But why? In a country with piddly mountains and rare snow. On a fair temperate island of herbaceous borders and topiary, of hanging baskets and allotments, where a gardener can grow almost anything.

‘No pot or pan may exceed 36 cm outside diameter’

Alpine plants are perfectly evolved to deal with the extremes of life high up. Their strategies are many and varied. Form a dense cushion of rosettes, hunker down against the cliff, to avoid desiccation by storm force winds. Develop a dense coat of silvery hairs, to shield your leaves from the intense sunlight, undiminished in the thin air. Spend the winters dormant, flower in the snowmelt, fruit fast in the fleeting weeks before the snows come again. To beckon to the pollinating bees, which are few and far between up high, produce brightly coloured flowers, wildly out of scale with your miniaturized foliage.

‘note that cactus spines are not considered to be foliage’

High trail on scree, mid-June, Dolomites

High trail on scree, mid-June, Dolomites

It’s these flowers that bewitch us. We struggle, panting, across unstable screes, clamber over boulder fields which skirt the glaciers, suffer altitude sickness for the sight of a Himalayan poppy, spend long summer days in dark, chilling cloud which obscures the towering peaks above us and fogs our expensive lenses.

‘six pan classes must include at least three plants in flower or fruit’

Back in our orderly homes, we sow from crinkly, translucent packets, seed collected (illegally, sometimes) by other members on their trips or (legally) from their gardens, distributed annually by the Society (maximum 23 batches per member, unless you are a donor or a packer, when you get more). We swop cuttings of our best, most true, most reliable plants. We pot up our surplus seedlings for the raffle at the monthly meeting of our local group. We build ingenious complexes in our gardens to regulate heat, water, light. We construct rock gardens – not any old rock, not any old grit – in which to cultivate and display our treasures from the wild. We fret, throughout our holidays, that the custodians at home will prove incompetent or negligent.

Don’t, whatever you do, water them over the top.’

And we grow, in terra cotta pots, freestanding or sunk in sand-beds, in bulb frames, in crumbling, pockmarked lumps of tufa, in white ceramic sinks, the plants we will exhibit at the Shows.

The Shows! School halls, up and down the country, commandeered by local groups for Saturdays in every season: the almanac begins in February and ends in October. Neat ranks of tables fill the halls, their musty air redolent of teenage boys and bleach. Mattress tape stretched across the wood effect wipe clean surfaces delineates the classes and categories. From early morning we shuffle in bearing our entries, packed into crates and cardboard boxes, stabilised by newspaper, crunched into balls. I took my plants in the AGS camper van. Inevitably there is disappointment. A flower-laden scape snapped off by the stiff cuff of a blazer. A cushion spoiled, its perfect clustered rosettes bruised by a dropped notebook. An unseasonably warm night and a third of the flowers gone over.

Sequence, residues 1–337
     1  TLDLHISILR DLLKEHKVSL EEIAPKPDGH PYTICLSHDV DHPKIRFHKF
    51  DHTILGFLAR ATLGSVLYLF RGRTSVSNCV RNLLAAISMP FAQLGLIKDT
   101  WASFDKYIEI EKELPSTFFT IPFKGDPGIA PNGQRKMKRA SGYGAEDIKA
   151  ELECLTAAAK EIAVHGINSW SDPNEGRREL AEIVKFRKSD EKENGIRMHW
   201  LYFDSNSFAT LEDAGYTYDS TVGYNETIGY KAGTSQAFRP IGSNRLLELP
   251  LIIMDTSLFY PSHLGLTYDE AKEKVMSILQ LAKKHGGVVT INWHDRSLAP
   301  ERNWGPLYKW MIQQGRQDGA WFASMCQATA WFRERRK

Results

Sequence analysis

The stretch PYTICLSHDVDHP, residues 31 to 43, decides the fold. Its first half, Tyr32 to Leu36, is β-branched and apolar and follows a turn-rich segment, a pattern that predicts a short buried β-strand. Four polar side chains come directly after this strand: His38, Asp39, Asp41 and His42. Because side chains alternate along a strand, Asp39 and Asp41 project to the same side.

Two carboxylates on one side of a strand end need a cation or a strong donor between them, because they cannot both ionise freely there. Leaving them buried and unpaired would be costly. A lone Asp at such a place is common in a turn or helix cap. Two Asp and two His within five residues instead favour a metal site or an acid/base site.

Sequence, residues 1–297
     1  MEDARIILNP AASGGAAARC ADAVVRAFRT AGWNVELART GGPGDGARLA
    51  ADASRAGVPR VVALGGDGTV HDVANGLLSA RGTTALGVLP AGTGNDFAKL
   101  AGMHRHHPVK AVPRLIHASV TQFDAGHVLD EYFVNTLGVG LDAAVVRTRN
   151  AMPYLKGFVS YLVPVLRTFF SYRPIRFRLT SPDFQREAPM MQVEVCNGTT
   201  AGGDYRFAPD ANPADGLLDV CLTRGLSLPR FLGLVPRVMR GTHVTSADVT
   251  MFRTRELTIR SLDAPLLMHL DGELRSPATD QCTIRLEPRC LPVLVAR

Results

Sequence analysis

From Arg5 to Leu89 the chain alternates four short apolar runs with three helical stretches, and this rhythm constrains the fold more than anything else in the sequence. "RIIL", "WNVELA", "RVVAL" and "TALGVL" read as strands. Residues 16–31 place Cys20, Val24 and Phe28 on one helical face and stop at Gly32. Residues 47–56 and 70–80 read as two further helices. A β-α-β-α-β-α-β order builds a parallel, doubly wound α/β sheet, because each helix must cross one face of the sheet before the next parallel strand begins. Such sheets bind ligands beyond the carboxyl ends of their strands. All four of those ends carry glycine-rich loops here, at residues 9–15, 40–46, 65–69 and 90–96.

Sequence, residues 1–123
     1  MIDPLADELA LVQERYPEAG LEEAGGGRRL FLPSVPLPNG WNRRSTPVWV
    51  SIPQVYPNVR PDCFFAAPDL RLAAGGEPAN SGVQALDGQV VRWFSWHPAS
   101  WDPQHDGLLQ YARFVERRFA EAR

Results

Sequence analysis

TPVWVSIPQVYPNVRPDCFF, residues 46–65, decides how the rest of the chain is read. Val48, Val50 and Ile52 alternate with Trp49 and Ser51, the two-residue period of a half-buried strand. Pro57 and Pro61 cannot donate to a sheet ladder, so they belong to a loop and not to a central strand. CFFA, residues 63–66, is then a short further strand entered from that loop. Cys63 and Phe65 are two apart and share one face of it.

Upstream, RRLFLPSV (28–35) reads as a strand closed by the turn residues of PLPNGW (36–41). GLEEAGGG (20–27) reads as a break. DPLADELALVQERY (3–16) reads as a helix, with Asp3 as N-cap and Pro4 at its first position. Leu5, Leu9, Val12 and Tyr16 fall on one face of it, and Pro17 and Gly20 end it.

‘They were dead certs for a place, if only that cold snap hadn’t …’

We go at our plants with tweezers and surgical scissors and paint brushes. We top up with grit, wipe down the terra cotta. Our best handwriting describes the Latin binomials and the cultivar names.

‘of two, equally effective plants, the judges will naturally prefer the less common’

We leave the hall. The judges, a solemn huddle with clipboards, move along the tables. We turn our backs and seek solace at the stalls, where nursery men and women shyly offer beautiful plants, rock garden stalwarts and choice rarities for the alpine house. Or at the canteen, eyeing our competitors over stewed tea and Bourbon biscuits, joshing, swapping anecdotes about the Pelopponese or New Zealand or lizard orchids on the golf course at Sandwich.

‘Tell you what, if the cuttings take, I’ll have a couple spare, so would you be interested in…?’

The double doors swing open. There’s a lull, only just perceptible. Who would betray how much they care by missing even half a beat?

‘no trophy should be given unless the exhibit is of a sufficiently high standard’

We surge in but, stalled by the echo of our footsteps, feign disinterest and admire the novice entries. We loiter, not daring to find out, bypassed by local group treasurers, borne along by an air of usefulness. As we shuffle along, we reconcile ourselves to the comment, in the judge’s neat hand, that we have somehow fallen short. We crane our necks to see the winning subjects, carried aloft towards the photographer’s corner for their portraits.

‘trophies for the highest aggregate first prize points’

We can dream. That’s what we’re good at. In plump buds, in the barren wastes of the winter rock garden, in the dry rattle of the seed head, in the dark crumble of leaf mould. We lob our hopes ahead of us and scramble after them up the slope. When I joined the AGS, I was below the average age. Someone pointed out my advantage. If I were to live to my allotted three score years and ten, then I had thirty seasons ahead of me. Thirty more annual memberships. One hundred and twenty journals. Fifteen displays at Chelsea (every other year). Thirty seed exchanges. Thirty goes to try to get it right.

‘Members are reminded that named cultivars and hybrids cannot be relied upon to come true’

Thirty goes to try to get it right.

Show benches at AGS Harrogate

Show benches at AGS Harrogate

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Take a walk, Mrs Merkel: dispatch from high above the G7 summit

Schachen rock wall

Schachen rock wall